5 important things to see in NASA’s James Webb Telescope images

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NASA has revealed the first set of images from the new James Webb Space Telescope, revealing the universe’s beauty at an unprecedented scale. The images showed the birthplaces of stars and the “cosmic dance” orchestrated by galaxies with supermassive black holes within them to the last gasps of a dying star. Here are 5 important things you need to know about the new images from Webb Telescope images.

The most exciting picture for scientists is not a picture at all

Image credit: NASA, ESA, CSA, and STScI

The second ‘image’ that NASA revealed was the spectrographic data of the planet WASP-96b, which is more than 1,150 light-years away. While this could have been the most underwhelming reveal for the layman, it actually presents one of the most interesting new possibilities with Webb. The ability to look for the presence of particular molecules like those of hydrogen or oxygen in distant planets and cosmic bodies.

This spectrum revealed by NASA is one of the most detailed near-infrared transmission spectrums of an exoplanet that has ever been captured. It also covers a wide range of wavelengths, including visible red light and a portion of the spectrum that has not previously been accessible from other telescopes, in particular, wavelengths longer than 1.6 microns.

This part of the spectrum is particularly sensitive to water and other key molecules like oxygen, methane and carbon dioxide. This is not immediately obvious in the WASP-96b spectrum. But it could potentially be detected in other exoplanets that Webb observes in the future.

New light on star formation

This landscape of “mountains” and “valleys” speckled with glittering stars is actually the edge of a nearby, young, star-forming region called NGC 3324 in the Carina Nebula. Image credit: NASA, ESA, CSA, and STScI

The observations used to create this image of NGC 3324 in the Carina Nebula will help scientists learn more about the process of star formation. What looks like mountains are actually the interplay between the clouds of dust and gaseous cavities. The expansion of these eroding cavities triggers star births.

The bright ionised rim of the cavity slowly pushes into the gas and dust. If the rim encounters an unstable material, there will be increased pressure, causing the material to collapse and form new stars. But almost counter-intuitively, this type of disturbance can also prevent the formation of a star as the star-making material could get eroded.  So, there is a fine line between sparking star formation and stopping it.

Webb will help address some of the most important questions of modern astrophysics like what determines the number of stars in a particular region and why stars form with a certain mass.

How galaxies and black holes work evolve

Stephan’s Quintet as captured by the Webb space telescope. Image credit: NASA, ESA, CSA, and STScI

The proximity between four of the five galaxies in Stephan’s quintet means that scientists are given a good view into the merging of and interaction between galaxies which is crucial to their evolution. Scientists rarely get to witness how interacting galaxies trigger star formation in each other and how the gas in these galaxies is disturbed by the interaction. The compact group could be thought of as a great laboratory for studying such processes.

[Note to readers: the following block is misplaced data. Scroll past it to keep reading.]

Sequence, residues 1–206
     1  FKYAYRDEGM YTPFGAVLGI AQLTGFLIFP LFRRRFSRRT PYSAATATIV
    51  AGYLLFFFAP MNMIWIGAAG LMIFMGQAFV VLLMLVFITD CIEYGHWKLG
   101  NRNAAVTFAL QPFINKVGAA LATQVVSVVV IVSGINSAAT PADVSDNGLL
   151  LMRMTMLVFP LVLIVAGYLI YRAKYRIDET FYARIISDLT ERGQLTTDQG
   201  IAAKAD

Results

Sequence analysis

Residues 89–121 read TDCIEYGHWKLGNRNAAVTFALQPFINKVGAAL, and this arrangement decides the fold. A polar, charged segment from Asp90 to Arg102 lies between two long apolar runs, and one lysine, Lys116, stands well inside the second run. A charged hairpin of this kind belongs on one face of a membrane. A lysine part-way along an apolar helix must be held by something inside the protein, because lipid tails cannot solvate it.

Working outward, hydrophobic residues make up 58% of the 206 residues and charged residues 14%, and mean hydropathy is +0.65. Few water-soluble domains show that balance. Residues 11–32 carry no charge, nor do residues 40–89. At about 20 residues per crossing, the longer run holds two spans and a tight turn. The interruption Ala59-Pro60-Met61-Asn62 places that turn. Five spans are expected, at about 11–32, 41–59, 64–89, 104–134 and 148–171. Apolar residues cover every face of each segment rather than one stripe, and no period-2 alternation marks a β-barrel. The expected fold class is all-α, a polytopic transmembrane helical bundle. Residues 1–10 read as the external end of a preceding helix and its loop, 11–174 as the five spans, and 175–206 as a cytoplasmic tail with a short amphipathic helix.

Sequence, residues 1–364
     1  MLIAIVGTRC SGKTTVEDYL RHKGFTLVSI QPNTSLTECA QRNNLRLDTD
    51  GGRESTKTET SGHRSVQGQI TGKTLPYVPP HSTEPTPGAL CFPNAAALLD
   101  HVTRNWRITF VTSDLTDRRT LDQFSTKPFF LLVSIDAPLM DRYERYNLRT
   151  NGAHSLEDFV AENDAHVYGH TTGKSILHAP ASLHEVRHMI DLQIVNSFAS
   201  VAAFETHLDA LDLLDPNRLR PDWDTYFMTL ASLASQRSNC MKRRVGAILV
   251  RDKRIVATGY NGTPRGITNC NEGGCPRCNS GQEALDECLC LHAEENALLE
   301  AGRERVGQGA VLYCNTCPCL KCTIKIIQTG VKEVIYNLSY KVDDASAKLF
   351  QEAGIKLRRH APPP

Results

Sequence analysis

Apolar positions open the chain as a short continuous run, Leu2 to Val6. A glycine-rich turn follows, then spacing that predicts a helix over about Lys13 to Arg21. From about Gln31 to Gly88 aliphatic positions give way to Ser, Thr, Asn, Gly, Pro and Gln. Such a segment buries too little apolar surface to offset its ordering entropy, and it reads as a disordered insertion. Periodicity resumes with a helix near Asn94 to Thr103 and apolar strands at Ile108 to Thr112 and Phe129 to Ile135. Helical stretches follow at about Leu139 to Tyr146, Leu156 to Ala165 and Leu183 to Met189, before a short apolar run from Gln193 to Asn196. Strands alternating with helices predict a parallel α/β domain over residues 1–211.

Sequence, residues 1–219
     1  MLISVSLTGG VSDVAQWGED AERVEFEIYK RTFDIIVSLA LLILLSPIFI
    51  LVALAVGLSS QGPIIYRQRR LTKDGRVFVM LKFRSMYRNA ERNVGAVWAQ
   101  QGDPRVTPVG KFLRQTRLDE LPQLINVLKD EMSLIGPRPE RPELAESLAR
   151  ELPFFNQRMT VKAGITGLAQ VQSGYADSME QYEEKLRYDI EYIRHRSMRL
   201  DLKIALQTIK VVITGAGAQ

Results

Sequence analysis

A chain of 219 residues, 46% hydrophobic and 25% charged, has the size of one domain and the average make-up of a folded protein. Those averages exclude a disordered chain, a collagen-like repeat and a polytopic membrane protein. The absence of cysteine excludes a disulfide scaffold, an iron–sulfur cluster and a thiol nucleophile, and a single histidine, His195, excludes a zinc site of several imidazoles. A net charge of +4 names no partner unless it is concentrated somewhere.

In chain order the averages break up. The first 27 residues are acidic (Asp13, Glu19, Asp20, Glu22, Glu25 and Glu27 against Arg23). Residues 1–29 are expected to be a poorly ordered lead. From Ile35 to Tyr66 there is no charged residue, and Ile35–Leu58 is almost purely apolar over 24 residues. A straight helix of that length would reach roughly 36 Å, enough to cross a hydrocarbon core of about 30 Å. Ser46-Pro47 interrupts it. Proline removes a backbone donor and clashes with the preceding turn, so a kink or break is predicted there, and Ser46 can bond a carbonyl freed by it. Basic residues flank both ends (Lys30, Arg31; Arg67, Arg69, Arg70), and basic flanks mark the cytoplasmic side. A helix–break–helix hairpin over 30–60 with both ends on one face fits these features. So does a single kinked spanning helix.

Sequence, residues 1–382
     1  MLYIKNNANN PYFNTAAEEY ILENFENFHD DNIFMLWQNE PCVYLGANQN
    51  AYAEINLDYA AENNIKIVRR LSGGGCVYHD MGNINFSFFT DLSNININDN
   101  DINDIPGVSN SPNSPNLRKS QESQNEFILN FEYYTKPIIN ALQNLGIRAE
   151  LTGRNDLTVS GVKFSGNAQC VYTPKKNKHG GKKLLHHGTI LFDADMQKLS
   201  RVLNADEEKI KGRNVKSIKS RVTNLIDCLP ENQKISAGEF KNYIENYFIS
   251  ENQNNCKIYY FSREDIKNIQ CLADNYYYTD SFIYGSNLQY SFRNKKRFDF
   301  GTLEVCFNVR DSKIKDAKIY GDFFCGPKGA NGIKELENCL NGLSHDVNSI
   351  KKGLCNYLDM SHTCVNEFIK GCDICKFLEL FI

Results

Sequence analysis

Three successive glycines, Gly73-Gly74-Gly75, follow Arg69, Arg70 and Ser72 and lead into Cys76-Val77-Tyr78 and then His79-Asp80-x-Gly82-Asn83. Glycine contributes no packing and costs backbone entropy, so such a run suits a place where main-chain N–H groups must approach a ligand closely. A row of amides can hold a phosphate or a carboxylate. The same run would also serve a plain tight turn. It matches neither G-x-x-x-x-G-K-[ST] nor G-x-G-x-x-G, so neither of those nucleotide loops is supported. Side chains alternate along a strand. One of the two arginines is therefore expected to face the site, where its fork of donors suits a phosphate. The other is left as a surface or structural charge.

Such groups of galaxies packed relatively close to each other might have been much more common during the early age of the galaxies when the gravitational forces of highly energetic black holes called quasars held them together. Even as we see the quintet now, the topmost galaxy in the group has a supermassive black hole at its centre. The active galactic nucleus is 24 million times the mass of the Sun.

How a dying star affects its neighbours

The landscape of the Southern Ring Nebula is dominated by two stars locked in a tight orbit. Image credit: NASA, ESA, CSA, and STScI

The landscape of the Southern Ring Nebula is dominated by two stars locked in a tight orbit. Webb’s infrared images feature new details in this complex system. The dimmer star has been sending out clouds of gas and dust for thousands of years. The brighter star is in an earlier stage of its life and will probably eject its own planetary nebula in the future. But in the meanwhile, the pair of stars orbit each other and “stir the pot” of gas and dust creating patterns.

Each “shell” of gas represents a time when the fainter star lost some of its mass. The wider shells of gas in the outer areas of the image were ejected earlier while those closest to the stars were ejected more recently. Scientists can trace these ejections to look into the history of the system.

Looking back in time

The galaxy cluster SMACS 0723 as it was captured by Webb space telescope. Image credit: NASA, ESA, CSA, and STScI

The first image revealed by NASA shows the galaxy cluster SMACS 0723, which is almost 4.6 billion years away. This galaxy cluster causes a phenomenon known as “gravitational lensing”, where the gravitational force of the galaxies in the foreground distorts the light behind it to create a sort of magnifying glass, allowing us to see much fainter and distant objects behind it.

The light from these galaxies took billions of years to reach Webb. For some of the youngest galaxies that can be viewed in this wide-field image, we are seeing them as they were about 13.1 billion years ago, within the first billion years after the original big bang.





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